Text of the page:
The Bonefish – Warm Water Resident
Bonefish have been given their name due to the numerous, tiny bones that are contained within their bodies. As a result of these, they are very difficult to eat and are caught mainly for sport. Bonefishing (as the pastime is called) is a catch-and-release sport popular in Florida and the Bahamas. Those that engage in it enjoy the skill required to lure this cautious creature in, and the fight that it puts up once hooked. This can be very stressful for the fish, and those that partake are encouraged to be considerate. The bonefish is not currently on any endangered species list, due to the fact that the majority of them are released once caught.
Bonefish are silvery in colour, with an elongated snout and yellow at the base of their pectoral fins. Normally surviving for between 19 and 23 years, they reach sexual maturity at ages 3 or 4. Preferring warmer coastal waters, in addition to Florida and the Bahamas, bonefish are usually found near Africa and Hawaii. They live primarily in shallow waters near coasts, in mangroves and around mouths of rivers. Possessing a lung-like swim bladder that enables them to breathe easier in shallow water, they get closer to the shore as winter approaches. Most of the fish spawn between November and May, usually laying their eggs in mangroves. After the eel-shaped larvae hatch, they remain here until they acquire the shape of an adult fish to enable them to venture into deeper waters.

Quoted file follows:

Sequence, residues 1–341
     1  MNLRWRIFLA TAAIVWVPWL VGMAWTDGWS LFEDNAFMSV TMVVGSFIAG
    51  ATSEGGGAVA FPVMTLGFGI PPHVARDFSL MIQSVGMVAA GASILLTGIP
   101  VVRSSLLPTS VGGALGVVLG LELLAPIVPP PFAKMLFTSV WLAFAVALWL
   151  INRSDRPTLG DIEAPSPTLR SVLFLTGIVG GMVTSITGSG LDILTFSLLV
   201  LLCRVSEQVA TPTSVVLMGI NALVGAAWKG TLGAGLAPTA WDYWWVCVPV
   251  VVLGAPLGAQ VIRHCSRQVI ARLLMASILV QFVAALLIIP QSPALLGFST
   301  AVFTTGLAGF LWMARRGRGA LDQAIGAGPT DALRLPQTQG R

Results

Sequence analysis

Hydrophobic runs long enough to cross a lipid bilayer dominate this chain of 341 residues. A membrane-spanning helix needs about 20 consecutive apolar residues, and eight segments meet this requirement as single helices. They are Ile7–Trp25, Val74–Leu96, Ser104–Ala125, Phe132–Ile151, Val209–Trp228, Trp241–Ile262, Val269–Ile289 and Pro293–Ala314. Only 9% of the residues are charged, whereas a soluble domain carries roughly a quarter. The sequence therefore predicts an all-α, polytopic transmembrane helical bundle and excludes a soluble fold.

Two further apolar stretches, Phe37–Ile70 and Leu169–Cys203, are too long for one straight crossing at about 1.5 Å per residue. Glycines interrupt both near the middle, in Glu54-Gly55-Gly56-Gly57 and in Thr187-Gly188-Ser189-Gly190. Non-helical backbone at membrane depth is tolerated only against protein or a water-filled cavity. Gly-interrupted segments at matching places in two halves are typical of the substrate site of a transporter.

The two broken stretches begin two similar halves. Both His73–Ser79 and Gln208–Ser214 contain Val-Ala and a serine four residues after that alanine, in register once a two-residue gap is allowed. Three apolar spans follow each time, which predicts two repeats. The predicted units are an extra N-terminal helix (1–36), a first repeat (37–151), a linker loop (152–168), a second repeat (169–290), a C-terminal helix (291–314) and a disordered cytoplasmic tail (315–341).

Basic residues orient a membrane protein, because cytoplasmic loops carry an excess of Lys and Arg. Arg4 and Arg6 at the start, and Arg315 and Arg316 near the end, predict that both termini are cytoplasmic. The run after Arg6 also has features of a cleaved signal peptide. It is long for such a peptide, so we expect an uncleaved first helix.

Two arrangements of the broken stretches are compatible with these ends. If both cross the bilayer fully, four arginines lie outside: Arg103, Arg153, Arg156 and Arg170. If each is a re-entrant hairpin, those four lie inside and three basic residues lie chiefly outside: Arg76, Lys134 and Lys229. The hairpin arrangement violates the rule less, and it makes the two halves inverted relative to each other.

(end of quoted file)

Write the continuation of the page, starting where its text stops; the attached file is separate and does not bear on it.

It is believed that bonefish do not stop growing and the older ones can become as long as three feet. Hunted by shark and barracuda, the silvery fish has become adept at slithering away at the first sign of danger. They live in schools of between 40 – 400, starting off at higher numbers which decrease as the members get older and bigger. The larger fish live in deeper waters, while the young live closer to the coast moving with the tide in order to feed.
Following stingrays to catch the small animals that they root up, bonefish feed on crustaceans, such as shrimp and crabs, molluscs and other fish. They use their long snout to dig up their prey, and hold them down, until the pharyngeal teeth that are located in the back of the mouth can align themselves with the meal. The prey is crushed at the back of its throat, and swallowed. When it catches prey in shallow waters, a bonefish appears to be standing on its nose while using its weight to restrict the struggling morsel. This causes their tail to be visible above the water, and observers normally refer to this feeding process as ‘bonefish tailing.’